Author:Flavia Cangià (University of Fribourg NCCR LIVES and NCCR - On the Move)
Paper short abstract:
The present paper will investigate the experience of 'trailing spouses' following their partners' mobile career paths in Switzerland, in order to analyze how kin and intimate relationships intersect with job insecurity, gender roles, and related psychological well-being in mobility.
Paper long abstract:
The mobility of professionals (e.g., corporate managers, diplomats, academics) and their families represents an important component of current migration flows. Some of these people, as a result of their employment prospect, change country of residence very often with their families and experience unprecedented job instability, also due to their precarious contracts, limited budget for expatriation packages, and the constant change of destination. This situation at times demands the accompanying partners to quit their job, engage in free-lance activity, constantly reinvent themselves in the new place, take care of family duties and negotiate the "breadwinner" role in the family. How do kinship and intimate relationships support in establishing continuity under these conditions, when individual career trajectories and occupational identities are interrupted and unstable, and how, on the contrary, can these create ambivalence and conflicting feelings?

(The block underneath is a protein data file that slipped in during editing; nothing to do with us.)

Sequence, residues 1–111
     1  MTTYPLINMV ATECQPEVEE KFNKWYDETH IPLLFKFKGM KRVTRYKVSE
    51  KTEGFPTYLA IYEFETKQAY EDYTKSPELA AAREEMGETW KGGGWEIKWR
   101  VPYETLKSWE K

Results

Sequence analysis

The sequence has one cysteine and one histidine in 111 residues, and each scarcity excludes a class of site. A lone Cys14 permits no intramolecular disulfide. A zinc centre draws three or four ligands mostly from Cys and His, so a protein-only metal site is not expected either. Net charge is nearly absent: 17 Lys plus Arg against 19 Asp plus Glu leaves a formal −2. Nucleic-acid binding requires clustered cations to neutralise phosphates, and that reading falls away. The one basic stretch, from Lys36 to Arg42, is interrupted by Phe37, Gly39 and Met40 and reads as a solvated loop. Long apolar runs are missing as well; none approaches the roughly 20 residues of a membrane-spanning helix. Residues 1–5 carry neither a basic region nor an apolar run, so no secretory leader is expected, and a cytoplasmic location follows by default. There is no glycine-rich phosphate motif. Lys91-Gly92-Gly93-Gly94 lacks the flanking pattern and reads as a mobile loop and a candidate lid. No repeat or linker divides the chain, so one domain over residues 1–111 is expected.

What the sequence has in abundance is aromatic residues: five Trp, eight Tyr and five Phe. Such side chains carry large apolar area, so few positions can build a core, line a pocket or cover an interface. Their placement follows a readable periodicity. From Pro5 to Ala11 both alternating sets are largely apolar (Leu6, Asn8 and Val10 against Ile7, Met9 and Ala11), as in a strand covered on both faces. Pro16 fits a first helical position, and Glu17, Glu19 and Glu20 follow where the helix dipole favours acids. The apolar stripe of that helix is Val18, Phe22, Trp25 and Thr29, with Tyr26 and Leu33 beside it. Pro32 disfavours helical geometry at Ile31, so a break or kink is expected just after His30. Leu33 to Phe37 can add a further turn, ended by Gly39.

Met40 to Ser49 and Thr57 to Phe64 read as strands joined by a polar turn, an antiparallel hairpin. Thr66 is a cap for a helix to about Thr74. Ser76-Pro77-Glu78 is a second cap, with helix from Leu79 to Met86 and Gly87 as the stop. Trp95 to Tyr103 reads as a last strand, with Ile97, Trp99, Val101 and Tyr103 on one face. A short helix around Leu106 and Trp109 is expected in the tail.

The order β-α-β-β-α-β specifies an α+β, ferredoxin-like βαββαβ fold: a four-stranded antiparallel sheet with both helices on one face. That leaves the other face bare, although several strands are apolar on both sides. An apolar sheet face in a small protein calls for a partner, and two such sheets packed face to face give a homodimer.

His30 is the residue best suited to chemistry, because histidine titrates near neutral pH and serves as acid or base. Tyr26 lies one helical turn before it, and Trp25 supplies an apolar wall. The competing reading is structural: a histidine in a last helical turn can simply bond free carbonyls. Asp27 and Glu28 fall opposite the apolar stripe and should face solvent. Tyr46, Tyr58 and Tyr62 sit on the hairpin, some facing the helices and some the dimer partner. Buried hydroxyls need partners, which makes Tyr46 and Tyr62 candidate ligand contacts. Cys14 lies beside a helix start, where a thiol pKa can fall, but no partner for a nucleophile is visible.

The present paper will investigate the experience of 'trailing spouses' following their partners' mobile career paths, and will discuss the meaning of 'precarity' from a combined psychological and anthropological perspective by looking both at the structural and subjective dimensions that constitute this notion. In particular, it draws upon some in-depth interviews conducted in Switzerland both with female and male accompanying partners, in order to analyze how kin and intimate relationships (e.g., children's education, couple relations, family values) intersect with the experience of job insecurity, gender roles, and related psychological well-being in mobility.
Mobility, precarity, and the activation of kinship and intimacy [ANTHROMOB]